Monday, December 14, 2009

Rowan Williams Has a Rare Moment of Lucidity!

Some recent remarks by Archbishop Rowan Williams show that even Labour's most fervent, natural supporters among liberal Christians are being forced to admit that the government crusade against Christianity is getting out of hand.
"Dr Rowan Williams said ministers were wrong to think that Christian beliefs were no longer relevant in modern Britain and he criticised Labour for looking at religious faith as a “problem” rather than valuing the contribution it made to society.

The Archbishop also suggested that the “political class” was too remote from the concerns of most people, who still had God in their “bloodstream”. In his only interview in the run-up to Christmas, he called on ministers to be more willing to talk about their own beliefs.

Dr Williams told The Daily Telegraph: “The trouble with a lot of Government initiatives about faith is that they assume it is a problem, it’s an eccentricity, it’s practised by oddities, foreigners and minorities.

“The effect is to de-normalise faith, to intensify the perception that faith is not part of our bloodstream. And, you know, in great swaths of the country that’s how it is.”

His comments risked reigniting the public row between the Church of England and Labour over the state’s treatment of faith groups. A Cabinet member was recently forced to deny there was a “secular conspiracy” to silence them.

The Archbishop’s claims that religion was seen only as something for minorities echoed those of a Church-backed report, which accused the Government of paying “lip service” to Christianity while “focusing intently” on Muslims."

Good analysis comes from Melanie Phillips at Virtue On-line:

"The Archbishop of Canterbury, Dr Rowan Williams, comes in for a lot of stick - not least from columnists like me. But in the past few days, he has said something important. He has criticised Government ministers for thinking that Christian beliefs are no longer relevant in modern Britain, and for looking at religion as a 'problem'.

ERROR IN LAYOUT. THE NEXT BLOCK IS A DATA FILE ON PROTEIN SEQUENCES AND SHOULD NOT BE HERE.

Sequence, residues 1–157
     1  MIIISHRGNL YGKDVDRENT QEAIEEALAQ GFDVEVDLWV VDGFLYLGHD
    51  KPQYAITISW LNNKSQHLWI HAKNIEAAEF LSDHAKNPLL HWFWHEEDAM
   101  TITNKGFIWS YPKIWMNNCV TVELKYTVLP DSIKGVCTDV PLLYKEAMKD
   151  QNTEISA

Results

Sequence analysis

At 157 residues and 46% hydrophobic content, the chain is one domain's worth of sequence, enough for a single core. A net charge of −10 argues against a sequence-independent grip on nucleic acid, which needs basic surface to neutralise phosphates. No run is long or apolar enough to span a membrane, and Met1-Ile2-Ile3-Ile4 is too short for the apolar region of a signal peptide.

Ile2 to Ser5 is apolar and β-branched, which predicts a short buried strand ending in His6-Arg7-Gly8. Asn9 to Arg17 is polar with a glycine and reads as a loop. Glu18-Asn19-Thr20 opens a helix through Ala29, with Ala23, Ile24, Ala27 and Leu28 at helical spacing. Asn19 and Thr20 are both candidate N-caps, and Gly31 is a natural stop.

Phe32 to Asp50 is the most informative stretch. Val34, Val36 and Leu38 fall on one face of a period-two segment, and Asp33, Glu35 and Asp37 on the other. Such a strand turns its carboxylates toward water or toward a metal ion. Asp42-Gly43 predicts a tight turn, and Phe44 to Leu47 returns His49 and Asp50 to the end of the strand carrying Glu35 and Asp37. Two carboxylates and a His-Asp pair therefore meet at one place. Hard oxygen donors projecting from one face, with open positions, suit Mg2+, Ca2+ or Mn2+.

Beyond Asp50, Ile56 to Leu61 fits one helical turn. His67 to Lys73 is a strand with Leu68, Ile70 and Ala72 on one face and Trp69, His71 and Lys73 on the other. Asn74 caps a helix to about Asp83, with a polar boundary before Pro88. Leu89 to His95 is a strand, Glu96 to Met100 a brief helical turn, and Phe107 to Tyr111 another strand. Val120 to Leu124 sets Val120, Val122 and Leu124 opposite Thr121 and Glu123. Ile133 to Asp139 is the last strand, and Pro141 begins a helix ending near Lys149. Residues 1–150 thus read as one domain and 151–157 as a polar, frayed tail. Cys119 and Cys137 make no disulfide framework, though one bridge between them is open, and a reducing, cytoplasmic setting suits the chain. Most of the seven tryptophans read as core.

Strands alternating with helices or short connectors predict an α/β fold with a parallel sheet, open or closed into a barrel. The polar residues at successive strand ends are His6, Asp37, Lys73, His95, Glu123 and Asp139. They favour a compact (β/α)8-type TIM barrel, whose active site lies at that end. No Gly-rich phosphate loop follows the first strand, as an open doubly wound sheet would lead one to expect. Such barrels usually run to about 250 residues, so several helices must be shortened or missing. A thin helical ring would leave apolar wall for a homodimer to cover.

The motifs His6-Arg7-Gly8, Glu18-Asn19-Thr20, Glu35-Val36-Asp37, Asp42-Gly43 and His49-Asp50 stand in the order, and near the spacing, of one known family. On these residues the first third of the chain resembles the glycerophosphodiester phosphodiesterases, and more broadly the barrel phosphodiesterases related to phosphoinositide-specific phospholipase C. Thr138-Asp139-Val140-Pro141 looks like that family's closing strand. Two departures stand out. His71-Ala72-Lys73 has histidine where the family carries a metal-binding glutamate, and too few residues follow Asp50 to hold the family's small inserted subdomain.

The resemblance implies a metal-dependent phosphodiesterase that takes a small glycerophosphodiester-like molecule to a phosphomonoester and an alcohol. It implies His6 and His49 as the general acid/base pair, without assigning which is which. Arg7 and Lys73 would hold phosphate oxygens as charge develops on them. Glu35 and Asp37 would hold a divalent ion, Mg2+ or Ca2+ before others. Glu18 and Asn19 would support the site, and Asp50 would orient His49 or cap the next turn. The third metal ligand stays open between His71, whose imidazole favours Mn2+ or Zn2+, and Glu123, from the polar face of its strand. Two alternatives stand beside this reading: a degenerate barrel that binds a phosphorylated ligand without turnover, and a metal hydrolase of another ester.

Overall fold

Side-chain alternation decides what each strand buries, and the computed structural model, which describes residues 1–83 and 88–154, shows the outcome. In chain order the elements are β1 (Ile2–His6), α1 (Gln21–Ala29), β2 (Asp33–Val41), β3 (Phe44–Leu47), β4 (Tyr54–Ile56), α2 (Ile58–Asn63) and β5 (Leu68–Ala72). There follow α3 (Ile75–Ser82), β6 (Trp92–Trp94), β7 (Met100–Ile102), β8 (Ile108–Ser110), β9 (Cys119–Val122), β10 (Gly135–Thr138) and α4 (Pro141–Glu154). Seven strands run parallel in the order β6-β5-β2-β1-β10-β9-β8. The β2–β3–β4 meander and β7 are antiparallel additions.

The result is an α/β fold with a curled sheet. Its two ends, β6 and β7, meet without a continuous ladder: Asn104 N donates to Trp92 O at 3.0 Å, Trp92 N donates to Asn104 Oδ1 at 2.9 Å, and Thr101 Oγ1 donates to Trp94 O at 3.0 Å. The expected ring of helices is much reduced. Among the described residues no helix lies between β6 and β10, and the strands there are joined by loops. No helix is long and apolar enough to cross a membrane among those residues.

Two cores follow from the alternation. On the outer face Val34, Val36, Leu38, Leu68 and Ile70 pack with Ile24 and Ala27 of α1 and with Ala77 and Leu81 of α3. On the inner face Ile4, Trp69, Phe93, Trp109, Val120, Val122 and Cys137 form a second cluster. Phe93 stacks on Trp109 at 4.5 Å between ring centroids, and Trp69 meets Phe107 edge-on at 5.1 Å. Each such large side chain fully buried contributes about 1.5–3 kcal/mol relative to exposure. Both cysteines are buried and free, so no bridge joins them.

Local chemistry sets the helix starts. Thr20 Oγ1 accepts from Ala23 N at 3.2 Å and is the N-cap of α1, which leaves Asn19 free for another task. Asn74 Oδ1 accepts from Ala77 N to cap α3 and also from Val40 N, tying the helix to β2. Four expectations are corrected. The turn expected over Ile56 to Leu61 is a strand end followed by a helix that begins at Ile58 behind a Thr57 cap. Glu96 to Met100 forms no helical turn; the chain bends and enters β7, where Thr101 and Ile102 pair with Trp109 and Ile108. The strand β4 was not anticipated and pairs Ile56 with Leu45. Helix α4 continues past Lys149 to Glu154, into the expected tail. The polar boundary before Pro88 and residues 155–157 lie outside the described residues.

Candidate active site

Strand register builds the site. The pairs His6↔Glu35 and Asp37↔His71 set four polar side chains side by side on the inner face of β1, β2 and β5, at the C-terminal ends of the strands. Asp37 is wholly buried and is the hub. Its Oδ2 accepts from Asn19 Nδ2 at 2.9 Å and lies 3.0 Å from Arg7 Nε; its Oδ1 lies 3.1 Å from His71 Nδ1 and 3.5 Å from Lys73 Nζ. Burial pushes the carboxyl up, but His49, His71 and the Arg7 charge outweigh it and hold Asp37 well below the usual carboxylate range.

Many Government faith initiatives, he observed, assumed that religion was an eccentricity practised by oddballs, foreigners and minorities.

Archbishop of Canterbury Dr Rowan Williams has attacked the Government for treating religious believers as 'oddities.' This is not just a seasonal exercise in special pleading by a Church leader. Dr Williams has put his finger on what should be a cause of extreme disquiet - the war of attrition being waged against Christian beliefs.

In recent times, there has been a string of cases in which it is no exaggeration to say that British Christians have been persecuted for expressing their faith.

In July, Duke Amachree, a Christian who for 18 years had been a Homelessness Prevention Officer for Wandsworth Council, encouraged a client with an incurable medical condition to believe in God. As a result, Mr Amachree was marched off the premises, suspended and then dismissed from his job. It was a similar case to the Christian nurse who was suspended after offering to pray for a patient's recovery.

Christians are being removed from adoption panels if they refuse to endorse placing children for adoption with samesex couples.

Similarly, a Christian counsellor was sacked by the national counselling service Relate because he refused to give sex therapy sessions to gays.

What this amounts to is that for Christians, the freedom to live according to their religious beliefs - one of the most fundamental precepts of a liberal society - is fast becoming impossible. Indeed, merely professing traditional Christian beliefs can cause such offence that it is treated as a crime.

Take, for example, the case of Harry Hammond, an elderly and eccentric evangelical who was prosecuted for a public order offence after parading with a placard denouncing immorality and homosexuality - even though he was assaulted by the hostile crowd he was held to have offended.

Or look at the case of the Vogelenzangs, a hotelier couple from Merseyside, who last week were cleared of a 'religiously aggravated' public order offence after being prosecuted for insulting a Muslim guest.

While their behaviour may have been offensive and unwarranted, it is nevertheless a source of wonderment that for the police, 'hate crime' doesn't seem to occur whenever Christianity is pilloried, mocked and insulted - as happens routinely - but only when a minority faith is in the frame.

Indeed, the Archbishop's complaint echoed an earlier Church-backed report that accused the Government of merely paying lip service to Christianity while focusing support on Muslims."
Phillips is right to say that recent trends in religious freedom in the UK are extremely worrisome and Williams is right to call the government on its outrageous behaviour.

There, I said it. Rowan Williams is right. That actually felt pretty good. It would be nice to be able to do it more often. Here's hoping.


David said...

A rare moment of lucidity! Rowan Williams is pure intellectual cream. The man may not be right about everything, but even when he's wrong his being-wrongness is more intelligent, humane and godly than anything I (or virtually anybody else) could conjure up.

Josh said...

I appreciate the consistent thoughtfulness of Rowan Williams. His words consistently exhibit the fruit of the Spirit (cf. Galatians 5:22-23).